At a time when government officials and academic institutions are preparing for the influx of patients (31 million) that will come as a result of the Patient Protection and Affordable Care Act, a recent report shows some disturbing results for the future.
According to findings released this week from a study commissioned by the Society of Actuaries (SOA) and completed by consultants with Milliman, Inc., the report found that “measurable medical errors cost the U.S. economy $19.5 billion in 2008.” Approximately $17 billion was the result of providing inpatient, outpatient and prescription drug services to individuals who were affected by medical errors.
To carry out the study, “the report used claims data of 24 million people to provide an actuarially sound measurement of costs for avoidable medical injuries.” Using this data, the report determined that “of the approximately $80 billion in costs associated with medical injuries, around 25 percent were the result of avoidable medical errors.”
In commenting on these findings, Jim Toole, FSA, CERA, MAAA and managing director of MBA Actuaries, Inc., noted that “this report highlights a singular opportunity for both improving the overall quality of care and reducing healthcare costs in this country.” One likely solution to this problem would be continuing medical education (CME), which addresses ways to reduce medical errors. CME providers could create and offer uniquely designed programs to address specific errors depending on the type of institution or medical provider, while taking other factors into consideration (e.g. resources, equipment, legal issues, etc.). The implementation of such small steps as checklists (recently made popular by the book The Checklist Manifesto) could lead to great reductions in medical errors.
The impact of medical errors is also significant because as the study found, “$1.1 billion was from lost productivity due to related short-term disability claims, and $1.4 billion was lost from increased death rates among individuals who experienced medical errors.” As a result, actuaries “believe that reducing medical errors is an effective way to control healthcare cost trends for the commercial population,” according to results from a recent SOA survey.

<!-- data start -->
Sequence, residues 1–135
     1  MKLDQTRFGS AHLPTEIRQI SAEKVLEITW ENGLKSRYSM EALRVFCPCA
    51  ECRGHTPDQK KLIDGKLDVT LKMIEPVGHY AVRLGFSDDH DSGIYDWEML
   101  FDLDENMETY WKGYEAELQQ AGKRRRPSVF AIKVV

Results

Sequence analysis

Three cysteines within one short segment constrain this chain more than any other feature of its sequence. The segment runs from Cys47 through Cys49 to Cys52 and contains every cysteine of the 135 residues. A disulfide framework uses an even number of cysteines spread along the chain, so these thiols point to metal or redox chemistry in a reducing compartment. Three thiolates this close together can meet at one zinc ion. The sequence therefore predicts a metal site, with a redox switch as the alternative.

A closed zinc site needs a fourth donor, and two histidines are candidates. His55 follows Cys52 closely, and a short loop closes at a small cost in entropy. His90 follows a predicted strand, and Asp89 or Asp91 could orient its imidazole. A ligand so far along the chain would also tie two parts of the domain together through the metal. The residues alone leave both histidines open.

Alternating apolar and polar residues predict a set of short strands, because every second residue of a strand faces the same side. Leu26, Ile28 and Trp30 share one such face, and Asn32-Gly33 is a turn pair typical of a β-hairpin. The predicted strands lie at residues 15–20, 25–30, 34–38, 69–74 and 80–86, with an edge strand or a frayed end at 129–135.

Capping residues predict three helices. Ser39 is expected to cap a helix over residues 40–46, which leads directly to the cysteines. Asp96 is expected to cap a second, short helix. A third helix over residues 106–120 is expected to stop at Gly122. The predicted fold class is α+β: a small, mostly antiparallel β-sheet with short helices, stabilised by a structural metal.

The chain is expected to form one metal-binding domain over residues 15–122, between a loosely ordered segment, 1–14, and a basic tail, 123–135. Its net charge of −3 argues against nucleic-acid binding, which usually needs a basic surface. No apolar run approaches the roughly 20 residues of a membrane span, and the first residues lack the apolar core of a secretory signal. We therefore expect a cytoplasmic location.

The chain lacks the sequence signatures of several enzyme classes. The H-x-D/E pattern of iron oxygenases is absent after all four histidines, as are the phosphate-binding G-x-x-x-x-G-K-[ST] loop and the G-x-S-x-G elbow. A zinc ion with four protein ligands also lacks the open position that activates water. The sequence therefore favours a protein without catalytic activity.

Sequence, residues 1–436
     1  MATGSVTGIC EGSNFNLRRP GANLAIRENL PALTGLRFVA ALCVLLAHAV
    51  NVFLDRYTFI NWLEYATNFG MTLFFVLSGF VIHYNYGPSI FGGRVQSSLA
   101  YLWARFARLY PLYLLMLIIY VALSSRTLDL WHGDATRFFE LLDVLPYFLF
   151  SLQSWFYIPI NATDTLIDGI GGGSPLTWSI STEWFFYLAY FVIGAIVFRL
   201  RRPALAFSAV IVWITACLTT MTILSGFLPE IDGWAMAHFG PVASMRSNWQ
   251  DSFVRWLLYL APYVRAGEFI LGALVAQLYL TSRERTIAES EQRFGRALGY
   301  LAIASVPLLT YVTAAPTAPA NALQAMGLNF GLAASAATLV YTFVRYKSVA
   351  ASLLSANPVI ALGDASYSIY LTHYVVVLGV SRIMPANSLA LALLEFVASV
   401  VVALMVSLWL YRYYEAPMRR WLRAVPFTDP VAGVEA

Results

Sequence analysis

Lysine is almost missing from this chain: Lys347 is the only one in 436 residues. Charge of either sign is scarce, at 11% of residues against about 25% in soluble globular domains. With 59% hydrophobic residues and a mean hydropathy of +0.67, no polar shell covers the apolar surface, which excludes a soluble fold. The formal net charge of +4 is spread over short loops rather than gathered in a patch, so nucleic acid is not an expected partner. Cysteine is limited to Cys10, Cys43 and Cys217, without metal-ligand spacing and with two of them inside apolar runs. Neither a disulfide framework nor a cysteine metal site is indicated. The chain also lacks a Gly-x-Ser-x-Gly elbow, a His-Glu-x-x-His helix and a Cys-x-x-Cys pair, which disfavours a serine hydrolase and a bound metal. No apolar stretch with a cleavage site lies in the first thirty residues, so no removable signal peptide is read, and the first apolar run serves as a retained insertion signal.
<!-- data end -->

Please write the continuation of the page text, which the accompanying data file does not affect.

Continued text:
What is particularly troubling is that while the study found 1.5 million measurable medical errors occurred in 2008, this “number includes only the errors that could be identified through claims data, so the total economic impact of medical errors is in fact greater than what we have reported.” Other problematic findings included:
- The average total cost per error was approximately $13,000;
- In an inpatient setting, seven percent of admissions are estimated to result in some type of medical injury; and
- The measurable medical errors resulted in more than 2,500 avoidable deaths and more than 10 million excess days missed from work due to short-term disability.
The Wall Street Journal, which also did an analysis of the study, noted that the report found “bed sores — which are almost always considered to be the result of an error — produced the largest annual error cost, at almost $3.9 billion, followed by post-op infections ($3.7 billion), device complications ($1.1 billion), complications from failed spinal surgery ($1.1 billion) and hemorrhages ($960 million). Consequently, the study also identifies the 10 medical errors that are most costly to the U.S. economy each year. Approximately 55 percent of the total error costs were the result of five common errors:
- Pressure ulcers
- Postoperative infections
- Mechanical complications of devices, implants, or grafts
- Postlaminectomy syndrome
- Hemorrhages complicating a procedure
Accordingly, SOA asserted that to address this issue now, the insurance industry must “assume an active role by helping healthcare systems implement an actuarial approach, which can more systematically identify potential causes of medical errors than alternative approaches.”
It would also be beneficial for the insurance industry and health care providers to collaborate with CME providers to create activities that disseminate the type of information and training that will help identify potential causes of medical errors and help reduce their occurrence. These are the types of program that potential does not nearly match the benefits we will see by helping our healthcare system save $19.5 billion a year, and preventing 2,500 deaths and millions of medical errors.
Even though less than $1 billion in 2009 was spent on commercial support of CME, if even $500 million of $19.5 billion lost a year was spent on support of CME to help educate our health care providers keeping them up to date on new medicines, treatments, and ways to reduce medical errors, it is hard to imagine monies better spent that would save both lives and money.